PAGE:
In my previous column, I went through how to hold an 11"-dia.-by-2"-thick workpiece on a 6" milling vise. This column will showcase a little math to estimate forces involved with aggressive metal removal. In this way, it is possible to machine economically and safely. The drawing shows the problem.
This 190-cubic-inch piece of stock is going to turn into a 75-cubic-inch finished part. To begin, 40 cubic inches will be removed from the outside diameter above where the part is clamped in the vise. When roughing, I use corncob endmills that have little bumps on the flutes, but the math that I use is adaptable to whatever tools you like.
In the drawing, when the tool moves laterally into the workpiece or moves radially around the workpiece center, it will make tangential cutting force CF, which will resolve itself into a horizontal and a vertical component determined by angle a. At the tool, that produces vertical force VFT, which is CF tan a, or CF times a/d. The important thing to consider is the vertical force at the vise jaw clamping surface VFJ, which is higher than VFT because of mechanics. VFJ equals VFT times d/d-c.
If VFJ gets close to the vertical holding power of the clamping surface, then there will be trouble. In the article about the vise jaws for this part, it was determined that 3,600 lbs. of vertical force could be resisted by the steel back jaw holding this aluminum part. There are two clamping surfaces on this jaw, so that’s 1,800 lbs. per surface.
Cutting speed and chip thickness are best determined the normal way to maximize tool economy, but the depth and width of cut can be adjusted for good, safe metal removal.
Determining CF is the key to the puzzle. The tensile strength of the workpiece with the size and number of the chips will give a useful number.
CF = TGNHJR/W
T = tensile strength of the
G = width of the chips (for some tools, this is the depth of cut)
H = chip thickness
J = (number of flutes)/2
R = tool radius
W = horizontal width of cut
T = 40,000
G = 0.125
H = 0.01
N = 8
J = 2
R = 0.5
W = 0.65
Then CF = 800 lbs.
This has worked for me. It’s overkill in most situations, and of course it can be improved. But it gives a relationship between workpiece tensile strength and metal removal rate, and it’s quick and easy to use.
One thing more: If your cutting tool has a helix angle, the cutting force produces a vertical force pulling the part out of the vise and the endmill out of its holder. If you know CF, you can estimate this force too. Safety pays.
Related Glossary Terms
- cutting force
Engagement of a tool’s cutting edge with a workpiece generates a cutting force. Such a cutting force combines tangential, feed and radial forces, which can be measured by a dynamometer. Of the three cutting force components, tangential force is the greatest. Tangential force generates torque and accounts for more than 95 percent of the machining power. See dynamometer.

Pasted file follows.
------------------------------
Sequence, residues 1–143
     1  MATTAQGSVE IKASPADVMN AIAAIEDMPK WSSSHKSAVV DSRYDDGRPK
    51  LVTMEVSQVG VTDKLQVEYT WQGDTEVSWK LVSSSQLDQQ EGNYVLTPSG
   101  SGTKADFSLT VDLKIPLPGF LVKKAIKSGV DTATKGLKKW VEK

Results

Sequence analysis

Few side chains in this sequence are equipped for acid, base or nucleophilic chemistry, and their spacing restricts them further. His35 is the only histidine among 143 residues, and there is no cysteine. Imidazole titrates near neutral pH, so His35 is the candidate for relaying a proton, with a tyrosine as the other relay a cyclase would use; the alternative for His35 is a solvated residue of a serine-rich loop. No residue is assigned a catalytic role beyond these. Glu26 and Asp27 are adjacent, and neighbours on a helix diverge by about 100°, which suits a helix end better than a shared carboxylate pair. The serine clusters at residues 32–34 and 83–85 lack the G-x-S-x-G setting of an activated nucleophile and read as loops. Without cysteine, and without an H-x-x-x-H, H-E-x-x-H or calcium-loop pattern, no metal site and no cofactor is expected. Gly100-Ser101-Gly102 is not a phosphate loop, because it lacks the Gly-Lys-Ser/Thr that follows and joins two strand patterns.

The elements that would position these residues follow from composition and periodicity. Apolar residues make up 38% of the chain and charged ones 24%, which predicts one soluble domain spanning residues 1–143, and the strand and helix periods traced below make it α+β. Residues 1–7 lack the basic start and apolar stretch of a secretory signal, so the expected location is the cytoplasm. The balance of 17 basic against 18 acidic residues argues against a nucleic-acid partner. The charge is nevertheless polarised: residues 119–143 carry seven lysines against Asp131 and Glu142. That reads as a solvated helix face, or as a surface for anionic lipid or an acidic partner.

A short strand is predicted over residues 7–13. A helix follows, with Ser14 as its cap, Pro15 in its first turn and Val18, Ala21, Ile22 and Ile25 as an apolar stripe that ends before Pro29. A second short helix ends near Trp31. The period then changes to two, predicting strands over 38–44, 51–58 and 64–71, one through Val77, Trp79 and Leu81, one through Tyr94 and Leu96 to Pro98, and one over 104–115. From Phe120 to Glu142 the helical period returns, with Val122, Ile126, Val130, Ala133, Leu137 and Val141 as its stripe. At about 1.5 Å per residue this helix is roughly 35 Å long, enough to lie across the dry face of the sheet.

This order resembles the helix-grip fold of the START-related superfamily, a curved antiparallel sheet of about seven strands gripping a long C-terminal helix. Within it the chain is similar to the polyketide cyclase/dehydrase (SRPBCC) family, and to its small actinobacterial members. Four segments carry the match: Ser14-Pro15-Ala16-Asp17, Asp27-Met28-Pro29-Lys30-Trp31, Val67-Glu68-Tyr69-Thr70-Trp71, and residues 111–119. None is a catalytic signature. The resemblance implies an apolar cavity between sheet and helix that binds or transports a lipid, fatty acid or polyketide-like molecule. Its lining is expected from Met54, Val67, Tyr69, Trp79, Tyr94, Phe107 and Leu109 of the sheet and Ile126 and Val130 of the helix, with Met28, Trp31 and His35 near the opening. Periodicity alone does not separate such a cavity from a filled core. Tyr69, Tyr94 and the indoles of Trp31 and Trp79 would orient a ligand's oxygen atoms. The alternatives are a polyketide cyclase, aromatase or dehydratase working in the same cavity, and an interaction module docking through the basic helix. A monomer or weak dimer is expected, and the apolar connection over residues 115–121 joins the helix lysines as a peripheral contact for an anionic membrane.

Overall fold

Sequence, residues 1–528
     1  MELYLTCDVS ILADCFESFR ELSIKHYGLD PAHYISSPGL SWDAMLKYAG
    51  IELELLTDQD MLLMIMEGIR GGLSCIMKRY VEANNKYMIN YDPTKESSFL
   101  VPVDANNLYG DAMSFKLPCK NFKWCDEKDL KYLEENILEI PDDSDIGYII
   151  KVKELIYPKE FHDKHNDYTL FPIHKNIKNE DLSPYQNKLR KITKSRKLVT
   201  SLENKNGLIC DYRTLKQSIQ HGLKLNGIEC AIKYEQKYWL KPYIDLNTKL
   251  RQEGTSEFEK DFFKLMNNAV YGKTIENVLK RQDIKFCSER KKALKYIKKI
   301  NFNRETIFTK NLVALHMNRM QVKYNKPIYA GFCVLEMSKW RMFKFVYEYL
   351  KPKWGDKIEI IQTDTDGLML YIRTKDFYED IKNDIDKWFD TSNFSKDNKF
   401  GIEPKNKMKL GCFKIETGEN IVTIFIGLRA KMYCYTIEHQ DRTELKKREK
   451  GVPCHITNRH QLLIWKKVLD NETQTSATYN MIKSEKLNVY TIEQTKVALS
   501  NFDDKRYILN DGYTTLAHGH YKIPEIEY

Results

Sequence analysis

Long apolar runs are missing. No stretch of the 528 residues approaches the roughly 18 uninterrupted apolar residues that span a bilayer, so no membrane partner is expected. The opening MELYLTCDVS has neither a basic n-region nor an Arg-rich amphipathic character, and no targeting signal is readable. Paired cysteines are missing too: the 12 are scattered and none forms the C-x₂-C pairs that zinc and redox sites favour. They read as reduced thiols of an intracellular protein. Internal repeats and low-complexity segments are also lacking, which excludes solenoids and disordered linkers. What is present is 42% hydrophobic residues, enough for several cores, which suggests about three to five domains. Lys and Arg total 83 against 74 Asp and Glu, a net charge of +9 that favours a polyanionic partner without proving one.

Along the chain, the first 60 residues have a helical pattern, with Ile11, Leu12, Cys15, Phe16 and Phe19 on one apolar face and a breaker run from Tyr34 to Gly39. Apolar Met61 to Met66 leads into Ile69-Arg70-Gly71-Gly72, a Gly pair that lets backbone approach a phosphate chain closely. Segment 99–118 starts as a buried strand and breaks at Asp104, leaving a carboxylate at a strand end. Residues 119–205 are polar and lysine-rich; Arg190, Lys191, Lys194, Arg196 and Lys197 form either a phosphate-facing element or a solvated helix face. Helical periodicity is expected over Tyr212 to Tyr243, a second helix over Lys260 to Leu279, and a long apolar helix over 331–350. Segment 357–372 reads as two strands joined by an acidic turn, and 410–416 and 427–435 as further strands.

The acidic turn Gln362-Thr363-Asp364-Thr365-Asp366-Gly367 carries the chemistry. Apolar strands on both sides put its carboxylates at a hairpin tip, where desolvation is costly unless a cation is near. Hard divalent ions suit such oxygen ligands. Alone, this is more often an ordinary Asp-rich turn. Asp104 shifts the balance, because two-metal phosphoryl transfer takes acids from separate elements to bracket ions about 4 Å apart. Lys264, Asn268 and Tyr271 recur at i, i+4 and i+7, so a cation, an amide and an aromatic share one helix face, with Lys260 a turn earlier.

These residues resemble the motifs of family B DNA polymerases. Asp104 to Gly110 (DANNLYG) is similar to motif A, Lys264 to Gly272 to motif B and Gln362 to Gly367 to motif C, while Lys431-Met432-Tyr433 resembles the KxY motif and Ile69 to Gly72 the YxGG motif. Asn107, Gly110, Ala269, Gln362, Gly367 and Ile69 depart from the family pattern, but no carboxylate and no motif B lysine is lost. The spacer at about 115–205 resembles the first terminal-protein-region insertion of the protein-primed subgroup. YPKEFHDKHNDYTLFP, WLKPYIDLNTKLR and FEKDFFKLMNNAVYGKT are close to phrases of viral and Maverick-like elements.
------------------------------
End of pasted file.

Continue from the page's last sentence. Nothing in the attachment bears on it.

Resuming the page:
- cutting speed
Tangential velocity on the surface of the tool or workpiece at the cutting interface. The formula for cutting speed (sfm) is tool diameter 5 0.26 5 spindle speed (rpm). The formula for feed per tooth (fpt) is table feed (ipm)/number of flutes/spindle speed (rpm). The formula for spindle speed (rpm) is cutting speed (sfm) 5 3.82/tool diameter. The formula for table feed (ipm) is feed per tooth (ftp) 5 number of tool flutes 5 spindle speed (rpm).
Milling cutter held by its shank that cuts on its periphery and, if so configured, on its free end. Takes a variety of shapes (single- and double-end, roughing, ballnose and cup-end) and sizes (stub, medium, long and extra-long). Also comes with differing numbers of flutes.
Grooves and spaces in the body of a tool that permit chip removal from, and cutting-fluid application to, the point of cut.
- gang cutting ( milling)
gang cutting ( milling)
Machining with several cutters mounted on a single arbor, generally for simultaneous cutting.
- helix angle
Angle that the tool’s leading edge makes with the plane of its centerline.
Machining operation in which metal or other material is removed by applying power to a rotating cutter. In vertical milling, the cutting tool is mounted vertically on the spindle. In horizontal milling, the cutting tool is mounted horizontally, either directly on the spindle or on an arbor. Horizontal milling is further broken down into conventional milling, where the cutter rotates opposite the direction of feed, or “up” into the workpiece; and climb milling, where the cutter rotates in the direction of feed, or “down” into the workpiece. Milling operations include plane or surface milling, endmilling, facemilling, angle milling, form milling and profiling.
- tensile strength
In tensile testing, the ratio of maximum load to original cross-sectional area. Also called ultimate strength. Compare with yield strength.
- width of cut
width of cut
Width of the milled surface, reflecting a face milling cutter’s radial engagement, and a peripheral milling cutter’s axial engagement, in the cut.